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More Than Just “Cooking Matters.

” A proposal on
adapting the Cooking Matters for long term lifestyle
Vi Vien Khoo; OHSU, Georgia Brown; OHSU, Hannah Lochner; OHSU, Tricia Maloney; OHSU
Project Mentor: Claire Nichols, RD, Clark County Food Bank.

Background Goals

Participant Quotes
• We partnered with Clark County Food Bank (CCFB) • Encourage and provide room for participants to give support to each
• “I am a person who doesn’t give compliments easily. I have met with
in Vancouver, Washington to teach Cooking Matters other in dealing with any problems regarding their health
many health care professionals and this is the only time I hadn’t feel
for Diabetes. • Establishing a safe environment as nutrition educators for participants to like I was attack or judged.” ~Male, Class 1
• The CCFB is a regional food bank that partners with openly share stories about their current health status and barriers • “I like the idea of not focusing on the numbers on the scale for weight
various agencies and programs to serve those who • Use motivational interviewing to help participants achieve their S.M loss but looking at being healthy as whole. It has changes how I feel
are food in secure. about becoming healthier.” ~ Female, Class 4
• “I am starting to make changes on my diet because I want to be a
Objectives good role model for my granddaughter and my daughter.” ~ Male,
Cooking Matters
• • Utilize the trans theoretical model to assess the participants’ readiness to Class 3
Cooking Matters is a nutrition education program that connects
individuals with food by teaching them how to prepare healthy and
make behavioral changes. Each participants’ progressed is tracked from • “ I hate food. I think eating is a chore. But now I am re-discovering the
class one to six. joys in eating.” ~ Female, Class 2
tasty meals on a limited budget.
• This is a The curriculum includes a six week hands-on cooking course
• Participants are assigned mentors that will check in with the participants
once a week to help encourage and enhance behavior change throughout Afterthoughts
that would challenge participants to reconsider food choices, habits,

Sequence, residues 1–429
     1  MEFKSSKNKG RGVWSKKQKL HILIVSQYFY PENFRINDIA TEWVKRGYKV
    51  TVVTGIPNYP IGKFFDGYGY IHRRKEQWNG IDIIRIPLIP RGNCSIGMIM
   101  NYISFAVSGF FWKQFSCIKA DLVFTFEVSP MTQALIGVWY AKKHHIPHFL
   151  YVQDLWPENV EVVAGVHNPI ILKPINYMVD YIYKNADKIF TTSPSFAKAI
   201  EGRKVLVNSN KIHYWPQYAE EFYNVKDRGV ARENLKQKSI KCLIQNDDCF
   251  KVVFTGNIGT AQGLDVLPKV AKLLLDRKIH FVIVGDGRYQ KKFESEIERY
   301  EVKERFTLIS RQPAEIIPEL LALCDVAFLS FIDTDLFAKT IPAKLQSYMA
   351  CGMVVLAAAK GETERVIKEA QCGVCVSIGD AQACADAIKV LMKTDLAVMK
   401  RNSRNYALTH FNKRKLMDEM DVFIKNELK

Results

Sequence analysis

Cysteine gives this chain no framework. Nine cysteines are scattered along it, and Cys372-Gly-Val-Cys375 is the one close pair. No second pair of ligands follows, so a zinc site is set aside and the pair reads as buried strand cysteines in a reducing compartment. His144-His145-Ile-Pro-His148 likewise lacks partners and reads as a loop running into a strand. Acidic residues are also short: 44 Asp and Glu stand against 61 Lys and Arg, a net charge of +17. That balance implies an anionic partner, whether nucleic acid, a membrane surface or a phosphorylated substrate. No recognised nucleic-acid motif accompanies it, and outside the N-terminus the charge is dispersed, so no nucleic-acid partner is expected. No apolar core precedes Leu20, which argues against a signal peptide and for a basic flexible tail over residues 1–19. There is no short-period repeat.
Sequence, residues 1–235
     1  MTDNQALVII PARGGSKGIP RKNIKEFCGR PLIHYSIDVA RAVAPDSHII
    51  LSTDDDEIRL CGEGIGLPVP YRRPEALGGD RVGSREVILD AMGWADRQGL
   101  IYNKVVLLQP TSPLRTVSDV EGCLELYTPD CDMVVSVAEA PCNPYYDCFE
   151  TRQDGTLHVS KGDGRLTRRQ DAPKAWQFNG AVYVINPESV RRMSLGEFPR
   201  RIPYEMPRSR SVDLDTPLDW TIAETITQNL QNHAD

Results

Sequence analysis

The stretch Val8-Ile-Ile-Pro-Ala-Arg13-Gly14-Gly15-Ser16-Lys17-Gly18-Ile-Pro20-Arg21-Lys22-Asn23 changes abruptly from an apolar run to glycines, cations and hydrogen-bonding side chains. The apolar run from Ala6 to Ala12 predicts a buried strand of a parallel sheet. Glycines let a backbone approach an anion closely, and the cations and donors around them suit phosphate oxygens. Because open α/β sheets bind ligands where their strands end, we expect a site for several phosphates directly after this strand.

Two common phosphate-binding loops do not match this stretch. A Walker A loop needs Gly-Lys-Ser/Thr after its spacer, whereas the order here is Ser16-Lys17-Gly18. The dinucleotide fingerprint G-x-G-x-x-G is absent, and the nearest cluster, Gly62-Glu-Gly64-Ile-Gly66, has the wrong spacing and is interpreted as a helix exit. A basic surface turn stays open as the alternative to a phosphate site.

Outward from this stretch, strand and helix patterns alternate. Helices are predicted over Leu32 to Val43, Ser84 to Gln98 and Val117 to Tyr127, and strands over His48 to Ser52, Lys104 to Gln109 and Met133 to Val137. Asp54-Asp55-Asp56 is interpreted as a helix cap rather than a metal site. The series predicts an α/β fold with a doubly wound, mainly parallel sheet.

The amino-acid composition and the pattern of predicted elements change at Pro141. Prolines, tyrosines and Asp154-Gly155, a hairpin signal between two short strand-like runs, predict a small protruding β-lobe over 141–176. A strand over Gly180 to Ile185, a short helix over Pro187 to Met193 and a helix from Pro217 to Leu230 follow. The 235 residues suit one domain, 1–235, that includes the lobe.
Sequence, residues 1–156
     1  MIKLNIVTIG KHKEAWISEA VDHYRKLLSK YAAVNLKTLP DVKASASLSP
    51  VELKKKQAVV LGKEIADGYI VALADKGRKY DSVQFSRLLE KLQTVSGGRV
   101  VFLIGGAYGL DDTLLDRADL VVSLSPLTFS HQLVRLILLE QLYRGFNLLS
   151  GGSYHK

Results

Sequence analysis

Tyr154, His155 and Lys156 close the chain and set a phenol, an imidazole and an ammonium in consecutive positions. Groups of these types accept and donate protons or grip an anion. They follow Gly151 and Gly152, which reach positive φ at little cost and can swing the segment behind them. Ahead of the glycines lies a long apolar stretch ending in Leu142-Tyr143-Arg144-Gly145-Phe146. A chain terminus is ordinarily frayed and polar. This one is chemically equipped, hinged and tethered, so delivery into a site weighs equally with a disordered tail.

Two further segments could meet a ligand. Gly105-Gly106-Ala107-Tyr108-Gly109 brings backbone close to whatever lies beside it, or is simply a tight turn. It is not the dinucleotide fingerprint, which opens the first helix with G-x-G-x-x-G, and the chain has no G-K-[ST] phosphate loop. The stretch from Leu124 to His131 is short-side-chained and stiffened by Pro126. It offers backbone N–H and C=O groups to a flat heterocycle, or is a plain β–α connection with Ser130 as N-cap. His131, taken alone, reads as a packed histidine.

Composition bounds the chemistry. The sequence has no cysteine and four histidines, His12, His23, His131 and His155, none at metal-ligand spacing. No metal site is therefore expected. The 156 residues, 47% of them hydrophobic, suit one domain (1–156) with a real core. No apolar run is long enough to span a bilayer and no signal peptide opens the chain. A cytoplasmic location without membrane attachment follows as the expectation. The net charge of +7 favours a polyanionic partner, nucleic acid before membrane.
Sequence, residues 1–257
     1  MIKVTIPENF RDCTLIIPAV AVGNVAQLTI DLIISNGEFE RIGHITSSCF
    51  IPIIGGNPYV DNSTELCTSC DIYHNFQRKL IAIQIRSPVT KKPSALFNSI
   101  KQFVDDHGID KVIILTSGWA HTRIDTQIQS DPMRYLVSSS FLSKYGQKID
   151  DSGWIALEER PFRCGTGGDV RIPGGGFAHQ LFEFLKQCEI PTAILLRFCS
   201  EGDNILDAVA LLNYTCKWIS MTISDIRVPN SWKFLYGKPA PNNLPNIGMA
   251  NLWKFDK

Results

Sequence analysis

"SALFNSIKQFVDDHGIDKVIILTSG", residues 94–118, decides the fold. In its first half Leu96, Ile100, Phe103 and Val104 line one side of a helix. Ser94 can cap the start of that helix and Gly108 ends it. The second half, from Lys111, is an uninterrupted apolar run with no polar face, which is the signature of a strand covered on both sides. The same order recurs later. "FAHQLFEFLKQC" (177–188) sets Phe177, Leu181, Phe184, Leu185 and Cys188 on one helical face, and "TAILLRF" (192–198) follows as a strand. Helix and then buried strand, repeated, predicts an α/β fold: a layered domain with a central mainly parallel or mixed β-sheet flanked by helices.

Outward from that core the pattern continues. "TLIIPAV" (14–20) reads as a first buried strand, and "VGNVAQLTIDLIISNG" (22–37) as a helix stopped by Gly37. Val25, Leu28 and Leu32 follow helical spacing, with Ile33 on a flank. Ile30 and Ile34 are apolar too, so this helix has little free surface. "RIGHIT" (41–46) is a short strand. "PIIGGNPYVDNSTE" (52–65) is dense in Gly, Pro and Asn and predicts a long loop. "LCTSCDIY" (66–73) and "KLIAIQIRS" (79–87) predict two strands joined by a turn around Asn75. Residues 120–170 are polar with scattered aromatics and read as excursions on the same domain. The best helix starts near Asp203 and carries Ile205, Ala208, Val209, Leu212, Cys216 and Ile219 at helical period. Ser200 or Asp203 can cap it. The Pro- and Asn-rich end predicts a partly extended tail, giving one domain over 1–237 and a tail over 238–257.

the six week course.
nutrition, food safety, shopping and meal planning. • These participants have great knowledge when it comes
• Cooking Matters provide the professional level curriculum,
• Helping participants create their very own S.M.A.R.T goal/s at class one to to cooking and diabetes. By using motivational
help track the progression of a specific behavior change base on what they
instructional materials and training whilst the local program partners
believe is their top priority for better health. interviewing, we were able to have some participants
customizes and build relationships to help address issues at a more reconsider their food choices and habits.
local level.
• By allowing a safe environment for participants to talk and
interact with one another, we encourage learning via
Significance • Adults with prediabetes or diabetes
exchanging ideas.
• According to the 2017 National Diabetes Statistic, 23 million living • Care takers or family members or decision makers
• Even though, we had a curriculum to follow; it was flexible
humans are diagnosed with diabetes and 7 million individuals are not • Participants on SNAP/WIC enough to allow us to tailor and customize it to the needs
diagnosed with diabetes yet.
of our participants.
• Research indicates that people with poorly controlled blood glucose
concentrations will show a decrease in HbA1C concentrations if
influenced by at least 10 hours of diabetes self-management Acknowledgement
Class Description We would like to thank:
• Cooking and preparing foods at home not only helps with blood 1 • Introductions
• Clark County Food Bank
glucose control home but can improve over all diet, consumption of • Claire Nichols; RDN
fewer calories and healthier families. • Establishing S.M.A.R.T Goals • Taylor Hargis; AmeriCorp Nutrition Educator
• • Jessika Brenin; AmeriCorp Nutrition Educator
Participants that completed the Cooking Matters curriculum not only • Assigning participants with mentors • Nichole Martinez; RDN, CDE
improved their cooking skills but also increase in self confidence in
meal preparation and in the kitchen. 2-6 • Use motivational Interview to encourage class participation and
interaction Insert class picture here
• Building a safe environment and allow room for participants to
support each other.
• Address nutrition misinformation
Weekly • Weekly reminded calls to increase class attendance
ins • Update on participant’s progress of their S.M.A.R.T Goals
• Addressing nutrition questions that participants may have